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The Dow saw a pullback of more than 200 points pullback during late-day trading as Apple plans to slow hiring and growth spending in 2023.
The Dow Jones Industrial Average (DJIA) plunged more than 200 points on Monday, once again snuffing out signs of a sustained rally. The latest pullback comes following the release of earnings reports by leading pharmaceutical corporation Merck (NYSE: MRK) and tech giant Apple (NASDAQ: AAPL). Both companies posted less-than-impressive numbers, with Meck’s stock off by $1.87, or 2.0%, while Apple’s shed $2.89, or 1.9%. The combined effect of this letdown resulted in a nearly 31-point drag on the Dow alone.
Dow Sinks Over 200 Points as Apple Provides Grim Internal Operational Outlook
The Dow sank 215.65 points, or 0.69%, to 31,072.6, with a significant chunk of losses accelerated in the final hour of trading. This also eroded most of a 356-point gain that the benchmark index had managed earlier in the trading session. The two other major indexes also slipped up, with the S&P 500 sliding 0.84% to 3,830.85, and the Nasdaq Composite shedding 0.81% to 11,360.05.
In addition to its stagnated financial report, Apple also announced intentions to cut back on hiring and spending next year. Apple plans to do this to better manage a possible downturn as the company prepares for the near future. As reported by Bloomberg, this revelation also contributed to Apple’s stock decline, which has now slipped 17% in 2022. Speaking on the Apple situation, Peter Boockvar, chief investment officer at Bleakley Advisory Group, explained:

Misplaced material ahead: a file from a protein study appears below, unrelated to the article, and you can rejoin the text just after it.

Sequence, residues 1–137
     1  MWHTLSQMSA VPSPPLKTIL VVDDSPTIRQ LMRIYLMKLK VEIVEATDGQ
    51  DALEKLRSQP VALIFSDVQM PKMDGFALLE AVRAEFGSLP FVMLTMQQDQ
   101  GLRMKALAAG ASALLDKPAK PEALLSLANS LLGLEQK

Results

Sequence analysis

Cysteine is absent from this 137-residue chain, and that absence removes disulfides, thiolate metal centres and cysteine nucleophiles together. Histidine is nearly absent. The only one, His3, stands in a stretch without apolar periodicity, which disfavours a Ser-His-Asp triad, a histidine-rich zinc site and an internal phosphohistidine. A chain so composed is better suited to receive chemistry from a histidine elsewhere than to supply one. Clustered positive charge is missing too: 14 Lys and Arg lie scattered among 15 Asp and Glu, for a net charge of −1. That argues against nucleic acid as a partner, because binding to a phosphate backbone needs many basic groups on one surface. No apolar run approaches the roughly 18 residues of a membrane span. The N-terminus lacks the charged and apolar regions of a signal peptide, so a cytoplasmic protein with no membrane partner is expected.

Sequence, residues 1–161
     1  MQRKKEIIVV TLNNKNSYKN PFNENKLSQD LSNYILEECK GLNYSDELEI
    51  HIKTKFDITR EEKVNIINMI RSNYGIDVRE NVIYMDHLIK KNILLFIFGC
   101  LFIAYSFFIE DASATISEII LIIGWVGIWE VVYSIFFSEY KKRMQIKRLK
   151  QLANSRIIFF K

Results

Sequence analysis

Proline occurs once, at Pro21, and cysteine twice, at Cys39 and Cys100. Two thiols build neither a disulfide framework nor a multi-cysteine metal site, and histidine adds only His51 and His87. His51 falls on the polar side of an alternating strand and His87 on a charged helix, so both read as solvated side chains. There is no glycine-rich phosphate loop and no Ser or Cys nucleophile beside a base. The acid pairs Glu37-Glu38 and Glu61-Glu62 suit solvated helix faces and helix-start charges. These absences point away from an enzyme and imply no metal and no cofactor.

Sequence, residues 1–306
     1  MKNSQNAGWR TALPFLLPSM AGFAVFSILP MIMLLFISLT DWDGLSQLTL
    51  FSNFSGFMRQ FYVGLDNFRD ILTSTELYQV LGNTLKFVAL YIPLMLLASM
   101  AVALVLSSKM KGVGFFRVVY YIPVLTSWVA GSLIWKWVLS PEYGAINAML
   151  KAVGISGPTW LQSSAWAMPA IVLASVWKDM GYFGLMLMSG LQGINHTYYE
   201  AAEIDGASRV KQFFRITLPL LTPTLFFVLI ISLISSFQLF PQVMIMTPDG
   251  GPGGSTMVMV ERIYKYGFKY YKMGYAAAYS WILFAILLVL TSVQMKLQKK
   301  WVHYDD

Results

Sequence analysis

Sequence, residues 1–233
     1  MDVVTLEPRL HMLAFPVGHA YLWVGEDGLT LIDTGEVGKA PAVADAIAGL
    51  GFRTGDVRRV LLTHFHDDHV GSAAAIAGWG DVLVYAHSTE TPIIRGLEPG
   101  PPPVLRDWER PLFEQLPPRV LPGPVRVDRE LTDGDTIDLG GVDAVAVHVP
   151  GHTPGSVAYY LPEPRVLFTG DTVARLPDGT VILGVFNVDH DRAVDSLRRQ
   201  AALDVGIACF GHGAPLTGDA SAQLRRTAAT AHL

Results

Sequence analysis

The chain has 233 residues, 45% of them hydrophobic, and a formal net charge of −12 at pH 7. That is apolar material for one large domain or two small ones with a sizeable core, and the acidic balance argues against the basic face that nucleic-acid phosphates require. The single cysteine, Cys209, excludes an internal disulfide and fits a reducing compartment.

“When Apple, a $2.4 trillion dollar company market cap-wise, rolls over, it’s obviously going to have a pronounced impact on the headline indices and it just reminds people that companies are buckling down because of what they’re seeing out there.”
Furthermore, Boockvar also emphasized the importance of Apple’s earnings to the broader market on several fronts. These include the currency management, the Chinese business outlook, and how it handles consumer shift towards services rather than goods. “People are not going to keep buying laptops every year, and they’re not going to replace their phone every year,” Boockvar explained.
Other Less-than-stellar Earnings
Other company earnings that significantly contributed to the Dow 200-point slide include Johnson & Johnson, Amgen Inc, and Verizon Communications Inc. All three corporations slid 2.24%, 1.95%, and 1.45%, respectively. This seemed to be a reversal of fortune for the broader market following Goldman Sachs’ strong earnings posted earlier. The New York-based banking giant had initially buoyed stocks. However, this followed mixed results last week from fellow leading financial institutions JPMorgan Chase and Morgan Stanley.
Analysts are preaching investor caution as the market expects financial earnings reports from several big-name businesses this week. Scott Chronert, managing director at Citigroup, said:
“We anticipate volatility to remain elevated as the market toggles between pricing recession risk and soft landing probabilities with each piece of data.”
Despite fears of a looming recession, the major indexes may fare reasonably well. For instance, expectations are that S&P 500 companies will post a 4.2% year-over-year increase in Q2 profit. In addition, FactSet predicts that total revenues realized within this benchmark index will expand 10.2% in the quarters.